Main Page | See live article | Alphabetical index

Accelerated Graphics Port

The Accelerated Graphics Port (AGP) is a high-speed computer bus standard for attaching peripheral devices to a computer motherboard, dedicated primarily to assist in the acceleration of 3D computer graphics.

AGP dynamically allocates the PC's normal RAM to store the screen image and to support texture mapping, z-buffering and alpha blending.

AGP originated from Intel, and that company originally built AGP into a chipset for its Pentium II microprocessor. AGP cards generally slightly exceed PCI cards in length.

The first version of AGP, now called AGP 1x, uses a 32-bit bus operating at 66 MHz. This results in a maximum data rate for an AGP 1x slot of 266 megabytes per second. In comparison, a standard 32-bit 33 MHz PCI bus (which can be composed of one or more slots) maxes out at 133 MB/s.

As of 2003, newer versions of AGP increase the transfer rate dramatically from two to eight times. Available versions include AGP 2x, AGP 4x, and AGP 8x. In addition, AGP Pro cards of various types exist. They usually require higher voltages and some take up the space of two cards in a standard computer (though they only connect to one AGP slot).

AGP allows for efficient use of frame buffer memory, thereby helping 2D graphics performance as well. In fact, many RAID systems for "headless" (that is, lacking an attached display) servers plug into the empty AGP slot to take advantage of its increased throughput as opposed to PCI.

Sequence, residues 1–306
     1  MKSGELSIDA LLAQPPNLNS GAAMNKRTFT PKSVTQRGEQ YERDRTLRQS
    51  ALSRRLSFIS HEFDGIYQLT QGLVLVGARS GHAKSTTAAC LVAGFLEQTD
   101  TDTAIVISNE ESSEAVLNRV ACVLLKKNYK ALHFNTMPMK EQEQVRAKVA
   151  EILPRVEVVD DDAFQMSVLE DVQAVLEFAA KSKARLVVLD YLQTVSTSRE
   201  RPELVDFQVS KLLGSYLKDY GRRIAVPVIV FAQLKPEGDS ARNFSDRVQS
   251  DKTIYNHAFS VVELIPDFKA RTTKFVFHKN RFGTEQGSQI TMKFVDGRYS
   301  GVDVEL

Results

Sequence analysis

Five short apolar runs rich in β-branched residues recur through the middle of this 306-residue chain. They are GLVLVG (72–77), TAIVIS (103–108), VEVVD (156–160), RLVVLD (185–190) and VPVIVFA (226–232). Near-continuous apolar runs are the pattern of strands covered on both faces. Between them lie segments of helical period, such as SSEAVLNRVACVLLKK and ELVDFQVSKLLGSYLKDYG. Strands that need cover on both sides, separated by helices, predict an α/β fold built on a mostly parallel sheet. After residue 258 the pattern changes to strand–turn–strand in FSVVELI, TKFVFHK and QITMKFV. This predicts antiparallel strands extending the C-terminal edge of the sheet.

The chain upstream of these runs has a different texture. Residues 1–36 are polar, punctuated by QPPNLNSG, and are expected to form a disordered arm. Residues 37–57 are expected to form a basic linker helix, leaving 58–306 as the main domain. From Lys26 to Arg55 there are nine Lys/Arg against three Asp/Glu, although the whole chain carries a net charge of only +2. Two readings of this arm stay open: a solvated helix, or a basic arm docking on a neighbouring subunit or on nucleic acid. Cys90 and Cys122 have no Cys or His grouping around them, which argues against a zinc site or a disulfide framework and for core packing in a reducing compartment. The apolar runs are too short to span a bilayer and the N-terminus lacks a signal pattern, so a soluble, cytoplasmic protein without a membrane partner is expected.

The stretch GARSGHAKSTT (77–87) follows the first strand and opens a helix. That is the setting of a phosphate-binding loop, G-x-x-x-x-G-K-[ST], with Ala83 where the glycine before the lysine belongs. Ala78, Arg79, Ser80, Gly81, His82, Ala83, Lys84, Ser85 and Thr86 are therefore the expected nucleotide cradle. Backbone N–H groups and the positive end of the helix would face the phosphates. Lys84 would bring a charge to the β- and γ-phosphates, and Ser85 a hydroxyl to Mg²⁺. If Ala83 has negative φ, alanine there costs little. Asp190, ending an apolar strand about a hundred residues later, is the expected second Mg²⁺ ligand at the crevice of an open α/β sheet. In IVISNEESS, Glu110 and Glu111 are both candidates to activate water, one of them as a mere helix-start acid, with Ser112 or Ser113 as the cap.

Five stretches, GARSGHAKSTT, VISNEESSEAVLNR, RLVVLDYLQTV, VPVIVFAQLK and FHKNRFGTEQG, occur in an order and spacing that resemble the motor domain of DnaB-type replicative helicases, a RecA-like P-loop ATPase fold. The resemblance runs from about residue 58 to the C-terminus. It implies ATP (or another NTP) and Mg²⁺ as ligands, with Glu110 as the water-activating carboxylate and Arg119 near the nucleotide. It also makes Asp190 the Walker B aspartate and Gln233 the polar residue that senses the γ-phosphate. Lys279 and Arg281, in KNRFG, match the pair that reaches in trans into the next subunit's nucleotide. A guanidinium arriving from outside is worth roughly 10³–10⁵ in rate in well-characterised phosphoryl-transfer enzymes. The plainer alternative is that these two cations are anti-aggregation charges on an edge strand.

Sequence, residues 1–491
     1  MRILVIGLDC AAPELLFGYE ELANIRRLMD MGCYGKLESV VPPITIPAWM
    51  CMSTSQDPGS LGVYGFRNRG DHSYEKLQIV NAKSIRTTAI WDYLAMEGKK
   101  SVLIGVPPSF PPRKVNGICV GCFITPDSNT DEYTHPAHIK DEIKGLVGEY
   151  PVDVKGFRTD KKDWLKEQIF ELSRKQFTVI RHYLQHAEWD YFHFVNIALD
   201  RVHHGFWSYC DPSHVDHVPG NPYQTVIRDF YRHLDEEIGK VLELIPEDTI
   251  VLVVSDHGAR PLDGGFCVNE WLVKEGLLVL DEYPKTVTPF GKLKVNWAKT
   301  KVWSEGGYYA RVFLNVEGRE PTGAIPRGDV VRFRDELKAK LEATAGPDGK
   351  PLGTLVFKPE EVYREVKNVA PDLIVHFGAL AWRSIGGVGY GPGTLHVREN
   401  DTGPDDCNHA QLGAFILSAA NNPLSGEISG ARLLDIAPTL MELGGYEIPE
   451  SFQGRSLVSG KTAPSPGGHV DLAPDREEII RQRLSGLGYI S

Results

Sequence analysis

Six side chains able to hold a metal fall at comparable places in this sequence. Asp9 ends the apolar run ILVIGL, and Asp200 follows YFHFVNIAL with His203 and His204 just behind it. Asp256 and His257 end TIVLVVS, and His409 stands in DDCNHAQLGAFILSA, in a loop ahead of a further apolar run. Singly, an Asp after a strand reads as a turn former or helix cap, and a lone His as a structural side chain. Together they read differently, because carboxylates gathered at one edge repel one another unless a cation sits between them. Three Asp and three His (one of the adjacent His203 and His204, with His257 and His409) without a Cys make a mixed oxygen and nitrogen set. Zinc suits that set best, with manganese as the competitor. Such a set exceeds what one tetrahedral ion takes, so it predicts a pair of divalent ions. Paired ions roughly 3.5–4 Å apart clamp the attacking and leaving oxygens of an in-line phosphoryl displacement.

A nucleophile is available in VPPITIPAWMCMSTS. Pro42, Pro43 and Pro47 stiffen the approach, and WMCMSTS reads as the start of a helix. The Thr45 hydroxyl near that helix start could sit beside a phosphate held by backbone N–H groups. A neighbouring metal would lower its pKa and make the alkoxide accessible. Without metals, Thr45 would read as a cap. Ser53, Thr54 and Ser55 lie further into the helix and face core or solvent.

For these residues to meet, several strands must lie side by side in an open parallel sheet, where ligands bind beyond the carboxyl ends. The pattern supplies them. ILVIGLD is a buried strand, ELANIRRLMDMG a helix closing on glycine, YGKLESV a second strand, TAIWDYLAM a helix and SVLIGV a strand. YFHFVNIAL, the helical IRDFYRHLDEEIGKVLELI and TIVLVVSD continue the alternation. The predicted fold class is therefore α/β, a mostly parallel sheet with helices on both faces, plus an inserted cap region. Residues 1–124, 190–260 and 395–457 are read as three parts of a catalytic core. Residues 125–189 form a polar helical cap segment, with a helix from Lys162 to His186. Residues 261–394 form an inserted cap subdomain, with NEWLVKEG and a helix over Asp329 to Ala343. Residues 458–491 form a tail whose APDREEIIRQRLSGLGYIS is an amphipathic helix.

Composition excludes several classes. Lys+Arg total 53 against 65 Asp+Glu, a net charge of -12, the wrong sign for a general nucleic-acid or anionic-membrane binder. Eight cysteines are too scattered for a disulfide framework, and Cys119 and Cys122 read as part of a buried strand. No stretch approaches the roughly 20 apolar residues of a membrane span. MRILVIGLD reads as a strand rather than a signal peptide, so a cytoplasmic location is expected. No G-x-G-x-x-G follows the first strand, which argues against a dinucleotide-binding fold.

AGP provides a coherent memory management design which allows reading scattered data from system memory in rapid bursts. AGP allegedly reduces the overall cost of creating high-end graphics subsystems by using existing system memory. However, general system memory, although cheap, performs much more slowly than dedicated on-card graphics RAM, and both mid-range and high-end graphics cards rely on their own high-speed RAM for performance. Cheap low-end graphics cards with little on-board RAM benefited from AGP early in the life-cycle of the technology, but the lowered cost of memory since about 2000 has led to even low-end cards having 32MB or 64MB of dedicated RAM, and graphics now rarely use system RAM.

AGP usage should phase out by around 2005, since Intel have indicated that their future chipsets (scheduled for introduction at about the time of their "Tejas" CPUs) will replace AGP support with PCI-Express. Nvidia's upcoming NV40 GPU will not support AGP in any way, and ATI's upcoming R420 GPU will only support AGP via additional circuitry.

This article was originally based on material from FOLDOC, used with permission. Update as needed.

External links